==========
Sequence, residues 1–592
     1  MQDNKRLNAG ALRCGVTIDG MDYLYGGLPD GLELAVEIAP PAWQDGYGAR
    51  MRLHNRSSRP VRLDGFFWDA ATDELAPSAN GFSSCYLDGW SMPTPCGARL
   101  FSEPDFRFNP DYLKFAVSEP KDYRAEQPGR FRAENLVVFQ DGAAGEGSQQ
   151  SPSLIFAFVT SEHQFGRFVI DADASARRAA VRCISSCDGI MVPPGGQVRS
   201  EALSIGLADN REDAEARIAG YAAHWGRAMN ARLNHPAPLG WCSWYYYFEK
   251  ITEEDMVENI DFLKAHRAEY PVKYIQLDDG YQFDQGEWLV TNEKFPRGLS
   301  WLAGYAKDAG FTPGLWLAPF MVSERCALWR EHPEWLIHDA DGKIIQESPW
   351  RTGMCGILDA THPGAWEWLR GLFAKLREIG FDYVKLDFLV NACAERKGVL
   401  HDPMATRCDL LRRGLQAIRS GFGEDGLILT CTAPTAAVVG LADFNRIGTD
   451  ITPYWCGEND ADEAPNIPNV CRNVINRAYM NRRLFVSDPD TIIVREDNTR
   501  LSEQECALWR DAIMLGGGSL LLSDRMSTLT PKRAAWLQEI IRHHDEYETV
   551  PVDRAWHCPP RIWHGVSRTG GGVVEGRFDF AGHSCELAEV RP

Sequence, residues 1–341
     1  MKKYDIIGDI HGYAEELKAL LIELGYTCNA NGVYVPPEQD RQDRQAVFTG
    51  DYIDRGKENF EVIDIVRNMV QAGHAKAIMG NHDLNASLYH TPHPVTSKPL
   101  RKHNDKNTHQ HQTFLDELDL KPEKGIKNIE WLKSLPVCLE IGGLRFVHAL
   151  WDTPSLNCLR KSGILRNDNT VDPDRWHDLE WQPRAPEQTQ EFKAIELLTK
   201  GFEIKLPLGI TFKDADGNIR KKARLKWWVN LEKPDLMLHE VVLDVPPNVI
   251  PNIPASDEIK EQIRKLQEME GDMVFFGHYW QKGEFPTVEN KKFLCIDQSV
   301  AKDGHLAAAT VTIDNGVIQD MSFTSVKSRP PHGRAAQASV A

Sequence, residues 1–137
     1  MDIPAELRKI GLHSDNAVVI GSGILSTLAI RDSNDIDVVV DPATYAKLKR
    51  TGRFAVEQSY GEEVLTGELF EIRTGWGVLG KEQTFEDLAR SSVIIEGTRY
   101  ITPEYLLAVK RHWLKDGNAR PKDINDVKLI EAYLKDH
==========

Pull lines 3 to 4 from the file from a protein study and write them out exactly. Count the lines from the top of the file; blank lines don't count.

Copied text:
    51  MRLHNRSSRP VRLDGFFWDA ATDELAPSAN GFSSCYLDGW SMPTPCGARL
   101  FSEPDFRFNP DYLKFAVSEP KDYRAEQPGR FRAENLVVFQ DGAAGEGSQQ